TB, violence knock years off men’s lives
Women live 10 years longer
A “remarkable” difference in men’s and women’s life expectancies in a rural area is due to TB and injuries linked to violence.
On average‚ women in the uMkhanyakude district – bordering Mozambique and Swaziland in the north of KwaZulu-Natal – live 10.4 years longer than men‚ according to a new study.
For HIV-negative people the gap is even greater‚ at 13.1 years‚ and the researchers said both figures were “exceptionally large” compared with the worldwide average gap of five years.
Academics from Wits University and the University of KZN‚ with colleagues from the UK and US‚ attributed 5.6 years of the gap in HIVnegative people to the higher TB mortality rate among men.
“Elevated rates of external injuries among men accounted for 4.1 years of the total sex difference‚” they write in the journal Plos One.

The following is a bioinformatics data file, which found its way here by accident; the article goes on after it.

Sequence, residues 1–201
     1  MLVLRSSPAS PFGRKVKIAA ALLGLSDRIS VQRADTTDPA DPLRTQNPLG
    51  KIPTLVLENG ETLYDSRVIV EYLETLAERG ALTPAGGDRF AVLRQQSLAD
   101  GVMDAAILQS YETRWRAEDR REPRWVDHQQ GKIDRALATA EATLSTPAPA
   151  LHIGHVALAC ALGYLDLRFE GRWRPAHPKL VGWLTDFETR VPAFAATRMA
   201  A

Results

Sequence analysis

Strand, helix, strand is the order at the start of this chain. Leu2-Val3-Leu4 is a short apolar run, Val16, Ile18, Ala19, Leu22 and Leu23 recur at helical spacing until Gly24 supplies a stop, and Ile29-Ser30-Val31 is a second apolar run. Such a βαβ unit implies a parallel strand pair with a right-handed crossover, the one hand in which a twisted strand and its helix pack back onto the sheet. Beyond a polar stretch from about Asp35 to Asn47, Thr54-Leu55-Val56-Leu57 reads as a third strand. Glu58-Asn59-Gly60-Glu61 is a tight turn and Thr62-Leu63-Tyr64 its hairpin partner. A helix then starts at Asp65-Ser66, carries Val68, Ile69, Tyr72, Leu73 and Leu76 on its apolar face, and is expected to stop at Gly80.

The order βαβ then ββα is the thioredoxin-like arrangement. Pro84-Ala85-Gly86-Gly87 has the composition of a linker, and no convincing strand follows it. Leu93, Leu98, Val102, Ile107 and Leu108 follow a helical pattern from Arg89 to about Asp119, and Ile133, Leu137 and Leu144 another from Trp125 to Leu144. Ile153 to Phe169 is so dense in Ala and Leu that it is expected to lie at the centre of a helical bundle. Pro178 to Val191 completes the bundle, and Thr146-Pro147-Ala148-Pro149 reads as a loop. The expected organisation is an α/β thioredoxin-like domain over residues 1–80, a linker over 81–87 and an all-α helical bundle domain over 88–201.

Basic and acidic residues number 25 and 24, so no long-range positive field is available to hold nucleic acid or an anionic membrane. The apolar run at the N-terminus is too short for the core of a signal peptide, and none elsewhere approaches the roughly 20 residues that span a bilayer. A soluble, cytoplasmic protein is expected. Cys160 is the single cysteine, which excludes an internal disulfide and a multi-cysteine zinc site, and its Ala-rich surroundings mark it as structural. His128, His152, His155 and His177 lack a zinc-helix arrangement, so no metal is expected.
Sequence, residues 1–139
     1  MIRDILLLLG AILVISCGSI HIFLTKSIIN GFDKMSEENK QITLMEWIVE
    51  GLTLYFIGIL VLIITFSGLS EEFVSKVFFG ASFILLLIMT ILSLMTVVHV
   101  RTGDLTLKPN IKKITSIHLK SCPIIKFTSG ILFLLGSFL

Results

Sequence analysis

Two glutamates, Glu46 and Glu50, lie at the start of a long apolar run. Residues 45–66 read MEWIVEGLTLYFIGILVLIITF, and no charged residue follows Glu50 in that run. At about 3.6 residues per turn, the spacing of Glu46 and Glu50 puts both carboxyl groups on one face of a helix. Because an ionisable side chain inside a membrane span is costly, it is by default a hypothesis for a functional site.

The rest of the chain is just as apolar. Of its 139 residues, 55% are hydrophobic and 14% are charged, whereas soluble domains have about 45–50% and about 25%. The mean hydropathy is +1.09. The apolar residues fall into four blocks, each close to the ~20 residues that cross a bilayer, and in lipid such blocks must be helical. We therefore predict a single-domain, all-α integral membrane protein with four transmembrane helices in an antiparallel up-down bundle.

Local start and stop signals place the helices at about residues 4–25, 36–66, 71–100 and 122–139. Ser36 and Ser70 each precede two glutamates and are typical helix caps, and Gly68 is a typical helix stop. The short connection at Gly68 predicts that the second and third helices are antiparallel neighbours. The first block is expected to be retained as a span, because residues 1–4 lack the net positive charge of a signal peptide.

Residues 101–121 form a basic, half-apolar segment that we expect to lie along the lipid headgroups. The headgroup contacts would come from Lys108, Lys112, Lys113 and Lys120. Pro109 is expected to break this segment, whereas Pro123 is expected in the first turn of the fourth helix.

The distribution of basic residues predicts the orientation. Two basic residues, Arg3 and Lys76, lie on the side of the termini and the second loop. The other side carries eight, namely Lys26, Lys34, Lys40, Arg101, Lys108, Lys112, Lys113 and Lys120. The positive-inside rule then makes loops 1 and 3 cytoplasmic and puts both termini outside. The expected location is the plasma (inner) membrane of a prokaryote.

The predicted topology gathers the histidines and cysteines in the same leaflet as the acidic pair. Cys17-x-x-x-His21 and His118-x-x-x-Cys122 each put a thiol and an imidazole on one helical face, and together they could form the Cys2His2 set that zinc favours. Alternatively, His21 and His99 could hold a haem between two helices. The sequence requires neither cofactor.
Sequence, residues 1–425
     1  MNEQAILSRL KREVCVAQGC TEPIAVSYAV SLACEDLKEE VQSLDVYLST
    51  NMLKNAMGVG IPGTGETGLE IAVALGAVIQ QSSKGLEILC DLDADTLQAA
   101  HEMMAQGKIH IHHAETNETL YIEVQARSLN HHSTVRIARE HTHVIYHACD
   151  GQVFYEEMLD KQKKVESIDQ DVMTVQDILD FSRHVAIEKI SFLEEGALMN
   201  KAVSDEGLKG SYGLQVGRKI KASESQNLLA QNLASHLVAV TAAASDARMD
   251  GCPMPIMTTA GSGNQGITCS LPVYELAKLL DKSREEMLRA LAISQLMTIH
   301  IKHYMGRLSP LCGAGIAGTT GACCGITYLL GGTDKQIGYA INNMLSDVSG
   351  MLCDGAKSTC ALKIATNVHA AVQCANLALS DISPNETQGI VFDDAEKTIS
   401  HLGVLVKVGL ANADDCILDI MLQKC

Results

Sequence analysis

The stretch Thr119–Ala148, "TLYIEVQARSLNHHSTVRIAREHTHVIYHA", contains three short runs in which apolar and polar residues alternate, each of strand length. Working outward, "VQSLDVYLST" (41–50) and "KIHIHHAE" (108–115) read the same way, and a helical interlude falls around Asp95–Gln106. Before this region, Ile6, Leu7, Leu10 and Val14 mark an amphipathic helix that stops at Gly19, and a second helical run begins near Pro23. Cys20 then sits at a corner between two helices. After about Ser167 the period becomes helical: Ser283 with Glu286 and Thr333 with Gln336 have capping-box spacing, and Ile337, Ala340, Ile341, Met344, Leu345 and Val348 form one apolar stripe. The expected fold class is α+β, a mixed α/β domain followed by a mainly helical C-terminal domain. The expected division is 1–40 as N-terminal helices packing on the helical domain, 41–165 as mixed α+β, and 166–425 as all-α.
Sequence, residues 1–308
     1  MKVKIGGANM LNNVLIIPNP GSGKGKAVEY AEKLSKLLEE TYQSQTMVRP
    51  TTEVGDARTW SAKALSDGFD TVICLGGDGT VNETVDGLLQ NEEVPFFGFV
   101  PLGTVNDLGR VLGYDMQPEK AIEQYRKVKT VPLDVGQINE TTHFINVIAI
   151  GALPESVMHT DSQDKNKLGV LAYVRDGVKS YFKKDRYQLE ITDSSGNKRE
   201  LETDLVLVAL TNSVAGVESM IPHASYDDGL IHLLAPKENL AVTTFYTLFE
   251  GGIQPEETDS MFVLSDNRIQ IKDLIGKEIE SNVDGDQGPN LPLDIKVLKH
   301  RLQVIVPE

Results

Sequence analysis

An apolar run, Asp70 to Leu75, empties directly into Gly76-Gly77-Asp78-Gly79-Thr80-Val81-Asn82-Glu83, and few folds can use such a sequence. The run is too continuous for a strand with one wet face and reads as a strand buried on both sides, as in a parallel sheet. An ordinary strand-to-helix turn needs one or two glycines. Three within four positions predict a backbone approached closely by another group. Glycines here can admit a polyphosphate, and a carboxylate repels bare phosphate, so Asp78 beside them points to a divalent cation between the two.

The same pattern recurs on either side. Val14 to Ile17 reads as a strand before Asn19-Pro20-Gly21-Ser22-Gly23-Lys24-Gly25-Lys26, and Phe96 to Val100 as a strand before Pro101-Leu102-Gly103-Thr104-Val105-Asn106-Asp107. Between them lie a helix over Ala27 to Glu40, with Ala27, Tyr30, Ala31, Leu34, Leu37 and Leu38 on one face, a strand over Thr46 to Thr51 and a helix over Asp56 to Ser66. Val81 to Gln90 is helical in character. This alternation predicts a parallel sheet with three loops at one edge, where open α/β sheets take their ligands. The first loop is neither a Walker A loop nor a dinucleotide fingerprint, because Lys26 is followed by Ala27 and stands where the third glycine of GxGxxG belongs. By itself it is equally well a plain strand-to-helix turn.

Life expectancy was put at 56.4 years for men and 66.8 years for women‚ with the gap “more than four times the World Health Organisation’s 2013 estimate of 2.5 years for the African region as a whole‚”
Two other reasons rendered the results remarkable:
HIV prevalence was very
● high‚ something that usually reduces sex differences in life expectancy; and
Male mortality was disproportionally
● high as a result of TB and injuries.
Men in the KZN district of Mkhanyakude live 10 to 13 years shorter than women in the area, margins that researchers say supercede global averages.